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Canadian sector rotation still in it early stages, says Pathfinder’s Doug Johnson

Doug Johnson
Doug Johnson
Pathfinder Asset Management CEO Doug Johnson says Calgary’s FLYHT Aerospace Solutions encapsulates a dominant theme to his investing, in that it is a disruptive technology with recurring revenue and a big barrier to entry.

We are still in the early stages of a sector rotation, says one Canadian market veteran.

Doug Johnson, CEO and Founder of Pathfinder Asset Management, looked over at the rows of booths lined up at his own conference this past weekend in Kelowna, and took the pulse of the Canadian equity markets.

While some at the second annual conference, which had expanded and featured a range of public and private companies, spoke of a full-blown swing back to tech, Johnson struck a cooler tone.

“Tech and healthcare have been building for two years,” he said. “In Canada, we have been spoiled for an incredible commodity market for fifteen years. When you talked to brokers about tech or special situations in the past they weren’t interested, but that is now changing.”

While a newly attentive Bay Street will no doubt focus attention on a tech IPO scene that is more vibrant than it has been in more than a decade, Johnson says his gaze is squarely on companies that have improved even as they were ignored.

One such example, he says, is Calgary-based FLYHT Aerospace Solutions (FLYHT Aerospace Solutions Stock Quote, Chart, News: TSXV:FLY), which changed its name from AeroMechanical Services last year. FLYHT has developed a product called AFIRS, an acronym for Automated Flight Information Reporting System, which increases the safety, service and profitability of airlines with on-demand streaming of black box data, letting those on the ground know exactly what is going on with their in-air assets.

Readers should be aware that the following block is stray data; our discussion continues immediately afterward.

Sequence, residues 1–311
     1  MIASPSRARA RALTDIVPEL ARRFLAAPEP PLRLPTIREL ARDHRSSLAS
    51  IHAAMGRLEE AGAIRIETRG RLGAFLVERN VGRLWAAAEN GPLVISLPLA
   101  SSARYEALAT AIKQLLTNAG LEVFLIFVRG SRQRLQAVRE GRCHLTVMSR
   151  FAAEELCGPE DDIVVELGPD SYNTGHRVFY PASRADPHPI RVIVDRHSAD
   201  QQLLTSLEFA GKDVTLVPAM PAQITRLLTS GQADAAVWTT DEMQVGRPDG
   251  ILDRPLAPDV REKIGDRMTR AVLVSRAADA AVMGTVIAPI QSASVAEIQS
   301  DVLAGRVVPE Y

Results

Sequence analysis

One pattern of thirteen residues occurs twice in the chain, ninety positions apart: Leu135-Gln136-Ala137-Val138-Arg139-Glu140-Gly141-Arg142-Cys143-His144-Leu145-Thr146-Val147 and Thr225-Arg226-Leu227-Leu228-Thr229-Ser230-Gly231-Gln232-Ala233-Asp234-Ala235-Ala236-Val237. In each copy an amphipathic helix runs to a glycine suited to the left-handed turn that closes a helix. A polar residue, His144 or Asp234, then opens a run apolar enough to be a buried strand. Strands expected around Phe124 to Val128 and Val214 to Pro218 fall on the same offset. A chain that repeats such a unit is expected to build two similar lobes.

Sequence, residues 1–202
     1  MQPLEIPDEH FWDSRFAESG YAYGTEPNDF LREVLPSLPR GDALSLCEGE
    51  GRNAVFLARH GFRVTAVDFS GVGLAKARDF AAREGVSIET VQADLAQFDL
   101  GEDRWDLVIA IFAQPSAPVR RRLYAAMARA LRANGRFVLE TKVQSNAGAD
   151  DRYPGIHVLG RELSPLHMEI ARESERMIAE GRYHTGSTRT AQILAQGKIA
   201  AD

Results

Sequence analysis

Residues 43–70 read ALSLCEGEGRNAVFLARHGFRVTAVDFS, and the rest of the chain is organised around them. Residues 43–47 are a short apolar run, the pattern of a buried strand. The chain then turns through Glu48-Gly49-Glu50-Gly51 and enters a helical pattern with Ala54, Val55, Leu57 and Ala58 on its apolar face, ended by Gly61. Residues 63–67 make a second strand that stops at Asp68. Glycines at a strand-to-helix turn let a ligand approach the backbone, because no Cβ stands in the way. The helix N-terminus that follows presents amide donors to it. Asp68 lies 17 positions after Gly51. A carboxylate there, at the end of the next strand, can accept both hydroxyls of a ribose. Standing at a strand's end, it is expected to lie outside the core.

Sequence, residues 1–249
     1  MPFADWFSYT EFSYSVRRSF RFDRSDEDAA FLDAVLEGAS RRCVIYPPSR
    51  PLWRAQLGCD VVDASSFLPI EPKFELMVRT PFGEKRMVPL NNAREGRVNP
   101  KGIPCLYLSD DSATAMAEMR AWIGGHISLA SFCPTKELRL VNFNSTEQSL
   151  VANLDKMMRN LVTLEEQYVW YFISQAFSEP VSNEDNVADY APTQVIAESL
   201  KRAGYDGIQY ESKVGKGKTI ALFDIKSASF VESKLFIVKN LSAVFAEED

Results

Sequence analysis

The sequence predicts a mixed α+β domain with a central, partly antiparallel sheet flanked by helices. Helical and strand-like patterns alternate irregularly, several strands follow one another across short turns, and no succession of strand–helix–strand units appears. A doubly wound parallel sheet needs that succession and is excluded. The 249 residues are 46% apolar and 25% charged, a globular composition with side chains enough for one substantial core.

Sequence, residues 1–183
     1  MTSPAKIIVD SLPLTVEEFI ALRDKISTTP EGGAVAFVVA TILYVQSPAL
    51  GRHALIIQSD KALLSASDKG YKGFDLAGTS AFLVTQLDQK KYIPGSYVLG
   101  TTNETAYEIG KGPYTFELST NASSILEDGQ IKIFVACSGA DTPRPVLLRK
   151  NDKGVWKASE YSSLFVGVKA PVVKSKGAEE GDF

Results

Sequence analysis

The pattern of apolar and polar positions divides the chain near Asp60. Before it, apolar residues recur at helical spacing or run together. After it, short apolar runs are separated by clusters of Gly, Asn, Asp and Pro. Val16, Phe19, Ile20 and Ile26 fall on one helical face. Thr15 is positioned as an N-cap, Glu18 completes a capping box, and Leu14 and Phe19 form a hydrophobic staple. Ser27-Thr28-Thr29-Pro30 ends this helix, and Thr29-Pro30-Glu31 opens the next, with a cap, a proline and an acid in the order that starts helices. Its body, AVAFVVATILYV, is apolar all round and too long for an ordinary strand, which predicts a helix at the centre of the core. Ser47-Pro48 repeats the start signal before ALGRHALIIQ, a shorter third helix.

The company, which has struggled through an airline industry fraught with red tape, appears to have turned prohibitive timelines into a sizable barrier to entry for others who might want to play in its potentially lucrative space. The good news comes on a more regular basis for the company these days, including last week’s announcement that it had received final certification to operate AFIRS on Boeing 777s, which followed the thumbs up on Boeing 747s.

Johnson says FLYHT encapsulates a dominant theme to his investing, in that it is a disruptive technology with recurring revenue and a big barrier to entry.

Vancouver-based Pathfinder Asset Management was formed in 2010, and is an evolution of a family office that began more than three decades ago. The company now operates the early-stage venture focused Partners Fund, the Partners Real Return Plus Fund, as well as segregated blue-chip equity and fixed income portfolios for high-net worth clients.

Pathfinder’s second annual conference, which was co-sponsored by Navigator Capital Partners and produced by Capital Event Management was held this past weekend at Kelowna’s Delta Grand Hotel and featured a “speed dating” style format in which dozens of buy-side pros met with public and private companies for twenty-minute meetings. Attendees included FLYHT, QHR Technologies, First Growth Holdings (Wine Online), Cortex Business Solutions, Bellus Health and SoMedia Networks.

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About The Author /

Cantech Letter founder and editor Nick Waddell has lived in five Canadian provinces and is proud of his country's often overlooked contributions to the world of science and technology. Waddell takes a regular shift on the Canadian media circuit, making appearances on CTV, CBC and BNN, and contributing to publications such as Canadian Business and Business Insider.
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